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Although Mumbai are the more accomplished side on paper, they would do better than underestimate a tough Services
Sharda Ugra in Delhi
January 15, 2013
A swarm of human beings forced its way into the peripheral vision of everyone involved in an air force inter-department match. The swarm first ebbed away from the game towards the low-roofed pavilion, then parted respectfully and then surged towards the practice nets outside the Palam-B boundary line.
Air Force Hindon v Air Force Nal would, on any other day, have no more than a dozen people in its vicinity. This time it was fifty and growing. There were military men in uniform, cricketers in training gear, straggling children, odd gaggles of family groups. The human swarm had not gathered to mark the day before Services played their first Ranji semi-final in 44 years. It had not assembled to welcome their opponents, mighty Mumbai who have beaten Services in their only two Ranji finals and three of their other six Ranji semi-finals.
The swarm was buzzing because an hour before India were to take on England in Kochi, Sachin Tendulkar was stepping out for practice in their midst. On this ground that is quickly rendered invisible in the shadow of Delhi's old domestic airport and the zipping traffic of the ribbons of roads that loop around it, there was to be a glimpse of cricketing royalty. When he did step into the thin winter sunlight, everything else around Tendulkar vapourised into silence - the recent furore around his Test form, the anguished debates about the R-word or the mocking reference to his many nicknames from the massed ranks of media.
This wasn't the first time Tendulkar was coming to Palam, because India have practiced here in the past; but the last time Services and Mumbai met in a Ranji match (1964-65), Tendulkar had not been born. Wednesday's semi-final will be his first match in Palam, where, like a Services bowler grinned and said, "Batting is not as easy as it looks."
Tendulkar walked over to the brown strip of the practice nets and, off his fourth ball, was hit by a grubber on the toe of his boot by left-arm spinner Vishal Dabholkar. The net was then ended, the stumps pulled out and Tendulkar walked over Dabholkar's end and decided that he would make do with knocking. Towards the end of the training - perhaps like a true space-conscious Mumbaikar - Tendulkar gently told curator Ashok Verma, that given Palam's vast acreage, they could maybe do with a few more practice strips.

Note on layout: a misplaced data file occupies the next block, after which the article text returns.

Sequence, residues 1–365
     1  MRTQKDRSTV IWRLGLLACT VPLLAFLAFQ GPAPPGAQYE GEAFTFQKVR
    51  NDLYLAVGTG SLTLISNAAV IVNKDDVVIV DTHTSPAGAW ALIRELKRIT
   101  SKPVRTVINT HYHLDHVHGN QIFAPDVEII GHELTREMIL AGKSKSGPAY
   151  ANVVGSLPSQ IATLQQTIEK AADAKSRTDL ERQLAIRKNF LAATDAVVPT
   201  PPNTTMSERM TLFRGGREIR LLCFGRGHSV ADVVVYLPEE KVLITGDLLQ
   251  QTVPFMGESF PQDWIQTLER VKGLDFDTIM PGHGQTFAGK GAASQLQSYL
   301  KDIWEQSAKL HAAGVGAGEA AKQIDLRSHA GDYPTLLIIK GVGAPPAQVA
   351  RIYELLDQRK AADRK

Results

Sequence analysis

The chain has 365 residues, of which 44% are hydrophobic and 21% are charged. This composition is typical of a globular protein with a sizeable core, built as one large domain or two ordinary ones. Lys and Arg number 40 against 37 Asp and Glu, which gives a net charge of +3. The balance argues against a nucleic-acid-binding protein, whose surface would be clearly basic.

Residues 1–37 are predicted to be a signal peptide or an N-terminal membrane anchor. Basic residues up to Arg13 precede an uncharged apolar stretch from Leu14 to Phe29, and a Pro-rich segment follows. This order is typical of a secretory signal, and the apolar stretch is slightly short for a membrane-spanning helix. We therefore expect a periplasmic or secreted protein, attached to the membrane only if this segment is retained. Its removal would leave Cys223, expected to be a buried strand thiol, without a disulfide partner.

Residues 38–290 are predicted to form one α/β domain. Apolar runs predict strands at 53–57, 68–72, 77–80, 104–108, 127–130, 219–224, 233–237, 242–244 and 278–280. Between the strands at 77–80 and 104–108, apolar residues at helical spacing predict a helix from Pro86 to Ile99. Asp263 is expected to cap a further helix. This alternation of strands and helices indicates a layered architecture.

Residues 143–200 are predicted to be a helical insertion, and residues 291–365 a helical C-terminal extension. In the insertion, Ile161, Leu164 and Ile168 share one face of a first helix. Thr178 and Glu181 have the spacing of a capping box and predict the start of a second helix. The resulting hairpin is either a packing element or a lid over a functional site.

On the far side of the ground, removed from the melee around Mumbai and Tendulkar, was the Services team. They deserved a cricketing guard of honour for ensuring that Mumbai had to play in their patch of land. Services will be led by Soumyaranja Swain for the first time this season due to the injury suffered by their captain Soumik Chatterjee in the quarter-final against Uttar Pradesh.
In an emotionally charged performance, Chatterjee batted on one leg, scoring an unbeaten 34 in the second innings. The clotting of blood in his knee tissue had needed surgery and stitches the day after the match, and the damage forced him out of the semi-final. Services manager Wing Commander Deepak Bhaskar said Chatterjee's performance had, "showed the entire cricketing fraternity that if you are determined, you can play the game even on one leg."
It is the kind of teeth-gritting handicap Services must play in their semi-final against Mumbai. Bhaskar said his team was happy to be the underdogs but they would not be overawed. "We don't want to treat him as Sachin. We want to take him as an opposition player." After the match maybe, he said, Tendulkar would agree to have a gee-up chat with his "boys."
The boys have not been able to stop grinning. Rajat Paliwal, the top scorer for Services this season with four centuries, two fifties and an average of 85.88, reached for a common bilingual colloquialism, when talking of playing against a cricketing behemoth. "Proud feel hua" (I feel proud.) In only his second first-class season, playing UP he said, had suddenly revealed to him what he was capable of. Not only because, he said, "I hit my first sixes in first-class - three."
Medium-pacer Suraj Yadav, who has taken 41 wickets at 21.78 this season, burst into laughter when asked about possible 'plans for Tendulkar.' His approach to the enormity of the occasion was simple - "Grab the ball and run in hard."
Mumbai trained as close as they could to the match pitch, with Ajit Agarkar bowling two strips away. He said later that he disliked reading pitches until actually playing on them. Services, Agarkar said, deserved respect because he remembered being part of the Mumbai team that was outdone by plate qualifiers Rajasthan on their way to the 2010-2011 title.
Despite the dodgy practice strip that the Mumbai batsmen abandoned quickly, and a few murmurs about the sight screen, Air Force Station Palam's first-class ground was otherwise quite first class. The dressing rooms have long since been moved. Once shared, the dressing rooms are now two separate long corridors on either side of the dining area. So long, a Mumbai man said, that "you can do a good bit of knocking inside." There are green awnings over the viewing area and a refurbished outfield and pitch, which is promised to be "sporting."
The combination of the Palam pitch, on which only one of four matches this season has not been an outright win, the Delhi winter and an uneven semi-final match-up indicate a result in fewer than the five scheduled days. Palam may not be as easy as it looks. No matter what they look like, as an opposition Mumbai always end up being extremely tough.
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Both batsmen seemingly have buckets of talent at their disposal and the backing of their captains, but soft dismissals relentlessly follow both around the Test arena